Upshot: Jehane Barton Burns (now Jehane Kuhn) worked with Ernst von Glasersfeld in the 1960’s on semantic analysis for machine translation at Silvio Ceccato’s Centro di Cibernetica at the University of Milan. Among subsequent formative experiences, she lists Italian travels with Howard Burns, historian of architecture (who first told her about Vico), and a decade in the Office of Charles and Ray Eames (where Constraints was a talismanic word). She and Thomas Kuhn married in 1982; she still considers (...) the English language her raison d’être. (shrink)
"The main spine of this book stems from a comprehensive series of interviews with subjects recalling their experiences of 1930s cinemagoing. Your feel the breath of life in these spectators, a rarity in film studies, thanks to the painstaking work contracting the interview subjects and recording and tabulating their testimony."- JUMPCUT In the 1930s, Britain had the highest annual per capita cinema attendance in the world, far surpassing ballroom dancing as the nation's favorite pastime. It was, as historian A.J.P. Taylor (...) said, the "essential social habit of the age." And yet, although we know something about the demographics of British cinemagoers, we know almost nothing of their experience of film, how film affected them, how it fit into their daily lives, what role cinema played in the larger culture of the time, and in what ways cinemagoing shaped the generation that came of age in the 1930s. In Dreaming of Fred and Ginger , Annette Kuhn draws upon contemporary publications, extensive interviews with cinemagoers themselves, and readings of selected film, to produce a provocative and perspective-altering ethno-historical study. Taking cinemagoers' accounts of their own experiences as both "the engine and product of investigation," Kuhn enters imaginatively into the world of 1930s cinema culture and analyzes its place in popular memory. Among the topics she examines are the physical space of the cinemas; the role film played in growing up; the experience of being a member of a cinema audience; film-inspired fantasies of American life; the importance of cinema to adolescence in offering role models, ideals of romance, as well as practical opportunities for courtship; and the sheer pleasure of watching such film stars as Fred Astaire, Ginger Rogers, Nelson Eddy, Ronald Colman, and many others. Engagingly written and painstakingly researched, with contributions to film history, cultural studies, and social history, Dreaming of Fred and Ginger offers an illuminating account of a key moment in British cultural memory. (shrink)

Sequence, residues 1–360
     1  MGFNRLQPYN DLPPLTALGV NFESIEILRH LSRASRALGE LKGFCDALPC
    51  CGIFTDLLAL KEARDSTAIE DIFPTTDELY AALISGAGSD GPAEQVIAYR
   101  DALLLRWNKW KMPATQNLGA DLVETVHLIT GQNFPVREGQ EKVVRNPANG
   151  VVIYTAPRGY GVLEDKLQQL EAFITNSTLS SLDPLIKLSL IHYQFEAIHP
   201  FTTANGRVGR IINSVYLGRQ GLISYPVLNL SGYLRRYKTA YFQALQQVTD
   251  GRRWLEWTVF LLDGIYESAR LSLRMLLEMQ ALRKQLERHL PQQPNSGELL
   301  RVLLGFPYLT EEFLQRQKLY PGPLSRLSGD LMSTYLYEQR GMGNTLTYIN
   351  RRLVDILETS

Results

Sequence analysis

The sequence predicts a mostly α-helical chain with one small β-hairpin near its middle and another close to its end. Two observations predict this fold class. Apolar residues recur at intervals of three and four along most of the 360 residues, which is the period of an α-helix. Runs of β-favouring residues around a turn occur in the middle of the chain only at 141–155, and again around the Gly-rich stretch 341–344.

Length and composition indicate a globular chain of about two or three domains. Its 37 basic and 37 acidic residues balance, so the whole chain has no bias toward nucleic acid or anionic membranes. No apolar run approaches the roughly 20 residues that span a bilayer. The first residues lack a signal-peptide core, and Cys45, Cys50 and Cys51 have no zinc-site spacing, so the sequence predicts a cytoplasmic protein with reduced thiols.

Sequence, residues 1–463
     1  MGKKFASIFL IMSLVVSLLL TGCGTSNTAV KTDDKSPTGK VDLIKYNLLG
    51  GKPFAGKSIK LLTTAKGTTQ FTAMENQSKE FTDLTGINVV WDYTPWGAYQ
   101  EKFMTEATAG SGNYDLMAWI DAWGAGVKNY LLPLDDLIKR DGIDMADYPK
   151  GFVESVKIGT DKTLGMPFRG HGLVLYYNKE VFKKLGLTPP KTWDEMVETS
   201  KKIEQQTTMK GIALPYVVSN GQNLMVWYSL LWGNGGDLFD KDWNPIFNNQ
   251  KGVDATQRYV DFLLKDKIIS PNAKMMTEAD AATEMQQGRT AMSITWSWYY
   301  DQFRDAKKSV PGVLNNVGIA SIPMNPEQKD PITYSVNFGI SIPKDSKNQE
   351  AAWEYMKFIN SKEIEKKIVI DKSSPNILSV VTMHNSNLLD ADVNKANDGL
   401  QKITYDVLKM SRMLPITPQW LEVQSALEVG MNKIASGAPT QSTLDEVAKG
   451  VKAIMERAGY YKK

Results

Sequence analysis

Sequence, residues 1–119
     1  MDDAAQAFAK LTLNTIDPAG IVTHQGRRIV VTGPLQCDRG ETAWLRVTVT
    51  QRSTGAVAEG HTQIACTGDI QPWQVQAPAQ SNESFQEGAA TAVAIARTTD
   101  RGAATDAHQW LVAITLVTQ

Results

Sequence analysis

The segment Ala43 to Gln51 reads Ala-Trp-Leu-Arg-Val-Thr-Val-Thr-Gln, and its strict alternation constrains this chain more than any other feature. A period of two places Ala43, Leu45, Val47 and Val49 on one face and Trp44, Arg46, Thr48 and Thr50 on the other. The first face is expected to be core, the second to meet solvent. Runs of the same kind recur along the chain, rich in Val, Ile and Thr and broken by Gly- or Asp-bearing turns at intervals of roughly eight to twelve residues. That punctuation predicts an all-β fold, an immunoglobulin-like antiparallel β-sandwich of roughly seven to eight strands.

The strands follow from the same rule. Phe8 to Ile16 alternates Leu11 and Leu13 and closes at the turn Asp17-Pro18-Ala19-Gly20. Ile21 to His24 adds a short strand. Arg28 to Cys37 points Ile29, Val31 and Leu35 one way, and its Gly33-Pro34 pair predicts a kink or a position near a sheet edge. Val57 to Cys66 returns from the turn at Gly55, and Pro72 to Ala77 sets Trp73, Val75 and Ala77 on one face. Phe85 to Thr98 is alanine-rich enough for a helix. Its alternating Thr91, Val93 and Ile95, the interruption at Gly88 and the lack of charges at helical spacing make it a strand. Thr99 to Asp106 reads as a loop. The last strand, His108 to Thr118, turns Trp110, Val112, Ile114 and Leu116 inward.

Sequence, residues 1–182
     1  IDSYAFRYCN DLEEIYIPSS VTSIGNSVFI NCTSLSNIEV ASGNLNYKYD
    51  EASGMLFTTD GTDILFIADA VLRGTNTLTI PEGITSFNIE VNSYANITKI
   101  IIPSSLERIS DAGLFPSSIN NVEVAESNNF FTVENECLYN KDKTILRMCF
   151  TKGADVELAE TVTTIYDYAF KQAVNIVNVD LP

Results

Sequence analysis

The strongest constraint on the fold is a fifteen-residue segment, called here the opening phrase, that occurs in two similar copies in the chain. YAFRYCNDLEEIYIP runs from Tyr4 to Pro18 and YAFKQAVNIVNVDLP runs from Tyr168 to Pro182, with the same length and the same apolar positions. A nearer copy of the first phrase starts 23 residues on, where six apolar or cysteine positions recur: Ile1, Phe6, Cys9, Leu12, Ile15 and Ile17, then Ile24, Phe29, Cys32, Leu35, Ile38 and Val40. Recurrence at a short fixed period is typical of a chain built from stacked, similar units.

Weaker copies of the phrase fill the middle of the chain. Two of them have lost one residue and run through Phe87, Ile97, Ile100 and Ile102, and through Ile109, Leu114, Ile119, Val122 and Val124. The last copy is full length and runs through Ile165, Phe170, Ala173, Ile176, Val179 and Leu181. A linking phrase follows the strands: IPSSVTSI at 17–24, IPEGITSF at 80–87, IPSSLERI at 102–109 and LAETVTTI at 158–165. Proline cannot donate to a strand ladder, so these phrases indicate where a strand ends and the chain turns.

Applications of game theory to moral philosophy are impededby foundational issues and troublesome examples. In the first part of this paper,questions are raised about the appropriate game-theoretical frameworks for applications to moralphilosophy and about the proper interpretations of the theoretical devices employed inthese frameworks. In the second part, five examples that should be of particular interest to thoseinterested in the connections between ethics and game theory are delineated and discussed. Thefirst example comprises games in which there is an outcome unanimously (...) preferred to the``solution'' of the game, appropriately defined. The second comprises games whose solution callsfor different players to employ different strategies. The third comprises games whosesolution calls for players to adopt mixed strategies. The fourth comprises games whose solutionrequires players to cycle among a variety of strategies. The fifth comprises games whose solutionrequires players to discriminate in morally inappropriate ways. (shrink)
Montague, Prior, von Wright and others drew attention to resemblances between modal operators and quantifiers. In this paper we show that classical quantifiers can, in fact, be regarded as S5-like operators in a purely propositional modal logic. This logic is axiomatized and some interesting fragments of it are investigated.
The system obtained by adding full propositional quantification to S5 is known to be decidable, while that obtained by doing so for T is known to be recursively intertranslatable with full second-order logic. Recently it was shown that the system with two S5 operators and full propositional quantification is also recursively intertranslatable with second-order logic. This note establishes that the map assigning p to \squarep provides a validity and satisfaction preserving translation between the T system and the double S5 system, (...) thus providing an easier proof of the recent result. (shrink)